Amateur and veteran hikers alike clamor to the trails the moment the last snow piles in the north melt into the ground. Hiking is a hobby, a form of exercise, and a fun family outing. There’s nothing quite like following the trail, peering over every corner to see what’s just around the bend. The excitement of not knowing what animals and insects you’ll bump into keeps the smallest child moving ever forward, ready for the next encounter.
A few decades ago, hikers had to map out their trails and lug around a few extra gadgets to ensure their safety. But now, thanks to modern tech like smart phones and GPS devices, we can wander and know just where we are at almost any given moment. There’s something freeing about getting lost only to locate yourself as a small dot on a big map full of mystery. Just the same, there are extra steps you can take to ensure you remain safe, have fun, and create a memorable experience on the trail.
Start with Gadgets
Though reception can limit cell phone data in certain areas, bringing your smart phone is always a good idea. Trying to get away from the constant chatter of your everyday life? Turn it on airplane mode when you’re not using it. But just by having this device on hand, you have a powerful tool that can send calls or texts for help and pin point your exact location, or at least while in range of cell service. So what do you do if you don’t have cell service? GPS phone or tracker.
GPS phones ensure you can locate yourself when cell service is unavailable. But it also protects you if you find yourself set off from the trail. Maybe you followed that adorable beaver into the woods to get a better picture from a safe distance and found your feet far from the trail when you looked up. GPS phones and trackers will give you and your loved ones peace of mind before you hit the trail.
If nothing else, and just in case your electronic gadgets’ batteries die, packing a compass is a tried and true method for navigating hiking trails. Being able to tell directions can be the difference between life and death, especially during cold nights in spring or fall.
Trails and Apps
Voyageurs National Park has trails that range from easy to difficult. Rocks, narrow pathways, bogs, and more can pose challenges to hikers as they make their way further into the trail. The National Park Service created a list of trails, breaking them down by location, level of difficulty, time it will take to complete, and notes that better describe what you can expect.
But remember that smart phone we mentioned earlier? Before you set out on a hike, you can download numerous apps that detail the route, level of difficulty, and even help you make challenges to outdo yourself or your friends. Some apps allow users to review trails, providing their personal insight and experience for various trails so other users can better prepare. Here are a few of REI, the well-known outfitter’s, favorite apps for hikers.
Now that you’ve prepared for a safe hike and you’ve got your route picked out, all that’s left to pack is a filling snack, your favorite hiking boots, and a camera (or your smartphone that doubles as a camera). Happy trails!
The volunteers of the Polar Polers Ski Club from International Falls have invested many hours to complete the new Tilson Creek Bog Walk located near the Rainy Lake public fishing pier on Hwy 11 East of Ranier. The new bog walk is situated on the first .75 miles of the Tilson Ski Trail. There is a resting spot at about the half-way point. The walk is like a floating sidewalk made from boards and is about 6 feet wide making it perfect for runners, walkers or even pushing a stroller.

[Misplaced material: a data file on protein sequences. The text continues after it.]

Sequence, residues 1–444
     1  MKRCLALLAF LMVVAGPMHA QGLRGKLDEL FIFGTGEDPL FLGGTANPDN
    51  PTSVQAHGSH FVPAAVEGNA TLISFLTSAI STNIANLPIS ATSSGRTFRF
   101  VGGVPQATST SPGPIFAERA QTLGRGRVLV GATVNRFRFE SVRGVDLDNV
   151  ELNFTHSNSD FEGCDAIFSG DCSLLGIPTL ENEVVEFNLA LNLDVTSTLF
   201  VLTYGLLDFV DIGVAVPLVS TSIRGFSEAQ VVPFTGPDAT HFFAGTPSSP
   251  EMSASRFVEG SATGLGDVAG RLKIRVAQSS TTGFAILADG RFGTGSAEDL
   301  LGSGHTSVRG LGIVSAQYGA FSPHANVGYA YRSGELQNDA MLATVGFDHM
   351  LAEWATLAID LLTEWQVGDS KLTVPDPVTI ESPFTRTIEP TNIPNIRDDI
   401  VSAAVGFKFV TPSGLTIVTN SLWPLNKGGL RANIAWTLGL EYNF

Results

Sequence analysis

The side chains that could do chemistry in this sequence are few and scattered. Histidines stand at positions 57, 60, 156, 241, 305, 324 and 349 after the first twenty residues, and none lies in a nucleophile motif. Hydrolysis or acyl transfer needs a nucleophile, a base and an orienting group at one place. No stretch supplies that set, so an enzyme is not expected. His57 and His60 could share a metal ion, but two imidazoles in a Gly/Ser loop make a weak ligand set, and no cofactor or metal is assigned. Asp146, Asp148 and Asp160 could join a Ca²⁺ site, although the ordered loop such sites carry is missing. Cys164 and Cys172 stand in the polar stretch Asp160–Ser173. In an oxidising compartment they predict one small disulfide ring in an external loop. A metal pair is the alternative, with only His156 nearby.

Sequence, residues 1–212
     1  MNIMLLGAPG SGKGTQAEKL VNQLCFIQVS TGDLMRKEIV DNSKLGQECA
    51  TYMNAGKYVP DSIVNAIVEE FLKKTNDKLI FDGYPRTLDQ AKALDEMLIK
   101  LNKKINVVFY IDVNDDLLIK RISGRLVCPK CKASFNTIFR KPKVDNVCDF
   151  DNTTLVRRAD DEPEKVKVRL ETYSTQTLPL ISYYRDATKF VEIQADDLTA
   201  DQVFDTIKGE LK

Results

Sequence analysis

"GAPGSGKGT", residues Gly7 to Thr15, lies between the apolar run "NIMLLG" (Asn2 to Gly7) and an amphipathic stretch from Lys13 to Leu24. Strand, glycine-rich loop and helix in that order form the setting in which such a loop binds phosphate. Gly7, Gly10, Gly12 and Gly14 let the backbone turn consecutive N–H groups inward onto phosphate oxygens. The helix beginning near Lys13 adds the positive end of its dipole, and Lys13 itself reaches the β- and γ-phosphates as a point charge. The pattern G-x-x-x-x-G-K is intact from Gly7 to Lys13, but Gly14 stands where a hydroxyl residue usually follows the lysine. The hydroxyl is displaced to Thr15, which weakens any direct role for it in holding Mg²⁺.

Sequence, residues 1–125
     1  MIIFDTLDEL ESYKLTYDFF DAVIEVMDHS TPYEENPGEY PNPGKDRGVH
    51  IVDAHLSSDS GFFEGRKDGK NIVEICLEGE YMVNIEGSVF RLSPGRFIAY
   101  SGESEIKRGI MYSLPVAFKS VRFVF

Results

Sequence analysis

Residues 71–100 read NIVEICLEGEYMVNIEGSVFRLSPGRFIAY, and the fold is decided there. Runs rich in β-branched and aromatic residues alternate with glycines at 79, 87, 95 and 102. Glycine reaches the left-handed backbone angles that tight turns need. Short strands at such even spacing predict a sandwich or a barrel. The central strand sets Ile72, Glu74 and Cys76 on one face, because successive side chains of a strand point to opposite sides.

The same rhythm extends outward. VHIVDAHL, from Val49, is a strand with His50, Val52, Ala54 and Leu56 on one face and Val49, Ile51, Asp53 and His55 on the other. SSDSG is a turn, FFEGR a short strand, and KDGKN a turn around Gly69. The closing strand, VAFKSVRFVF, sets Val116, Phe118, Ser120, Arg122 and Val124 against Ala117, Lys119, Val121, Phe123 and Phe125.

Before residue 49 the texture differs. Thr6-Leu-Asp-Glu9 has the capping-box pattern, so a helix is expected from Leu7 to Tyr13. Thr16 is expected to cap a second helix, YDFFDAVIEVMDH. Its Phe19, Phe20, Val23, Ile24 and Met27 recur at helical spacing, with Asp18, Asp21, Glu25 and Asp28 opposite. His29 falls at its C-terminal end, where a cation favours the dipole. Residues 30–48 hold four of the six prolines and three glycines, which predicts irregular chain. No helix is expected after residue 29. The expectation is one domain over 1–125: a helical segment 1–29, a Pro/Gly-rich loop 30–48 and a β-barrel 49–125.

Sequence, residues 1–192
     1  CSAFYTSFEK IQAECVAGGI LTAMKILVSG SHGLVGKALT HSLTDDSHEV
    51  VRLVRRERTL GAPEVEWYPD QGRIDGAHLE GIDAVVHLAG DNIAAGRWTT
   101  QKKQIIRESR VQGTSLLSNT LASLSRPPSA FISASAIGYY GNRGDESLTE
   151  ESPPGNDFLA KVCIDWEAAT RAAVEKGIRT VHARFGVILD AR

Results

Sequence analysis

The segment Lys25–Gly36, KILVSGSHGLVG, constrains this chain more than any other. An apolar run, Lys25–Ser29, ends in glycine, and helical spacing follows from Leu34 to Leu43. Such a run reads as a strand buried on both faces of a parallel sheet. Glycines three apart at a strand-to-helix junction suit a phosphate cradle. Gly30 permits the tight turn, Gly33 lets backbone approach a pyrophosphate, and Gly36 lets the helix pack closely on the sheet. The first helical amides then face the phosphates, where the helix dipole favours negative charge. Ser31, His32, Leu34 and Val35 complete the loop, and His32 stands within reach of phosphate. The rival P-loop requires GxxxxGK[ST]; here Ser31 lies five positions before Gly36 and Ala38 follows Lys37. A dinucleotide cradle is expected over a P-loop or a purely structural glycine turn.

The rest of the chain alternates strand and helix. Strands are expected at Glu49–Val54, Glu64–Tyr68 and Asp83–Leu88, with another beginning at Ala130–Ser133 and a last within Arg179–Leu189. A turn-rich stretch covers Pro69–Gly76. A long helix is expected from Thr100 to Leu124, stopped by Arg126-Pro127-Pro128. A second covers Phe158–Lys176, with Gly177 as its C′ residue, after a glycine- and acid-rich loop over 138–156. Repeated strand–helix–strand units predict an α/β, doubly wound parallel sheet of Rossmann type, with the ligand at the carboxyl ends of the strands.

The bog is an important eco-system supporting a variety of plants including the Tamarack tree (also called the Larch) At first glance, these trees look like other conifers, but they are actually deciduous as they lose their pine-like needles every fall. What makes a bog different from a swamp is bogs are made up of a floating mass of rotting moss resulting in a soil known as peat. The decaying process causes the peat moss to "burp" in the spring time as the moss releases gas into the atmosphere. It is recommended to wear mosquito repellent as the bog is a perfect breeding area for those pesky bugs. Surprisingly, some of the plants in the bog actually capture mosquitoes and other insects with their sticky leaves and are able to break down their capture as a source of nutrient.
The walk does not allow motorized vehicles. More energetic visitors can continue beyond the end of the bog walk into the ski trail system which is clearly marked on the map at the entrance and also along the way.
Check out this newly completed feature of the Voyageurs Park area soon!
“Do not go where the path may lead, go instead where there is no path and leave a trail.”
- Ralph Waldo Emerson”
That may be good advice for the adventurer or entrepreneur, but we recommend that you stay on the trails when hiking, biking, or ATV-ing the trails around Koochiching and St. Louis Counties. Whether on foot, horseback or ATV, exploring nature's woods and streams on one of the designated trails is an opportunity to make memories with family and friends, or to just get away by yourself. Spring trails will be open soon and are preferred by many as the weather is cool and the mosquitoes are few! It's always a good idea to bring a backpack with a supply of water, snacks and other basic items like a flashlight and outerwear. Let others know your planned route and when you expect to return. Spring is a good time to keep an eye open for Morel mushrooms, a blueberry patch to come back to later in the summer and signs of animal behavior. Be ready to snap some photos of interesting things along the way and you'll come back with a story to tell and an appetite for more.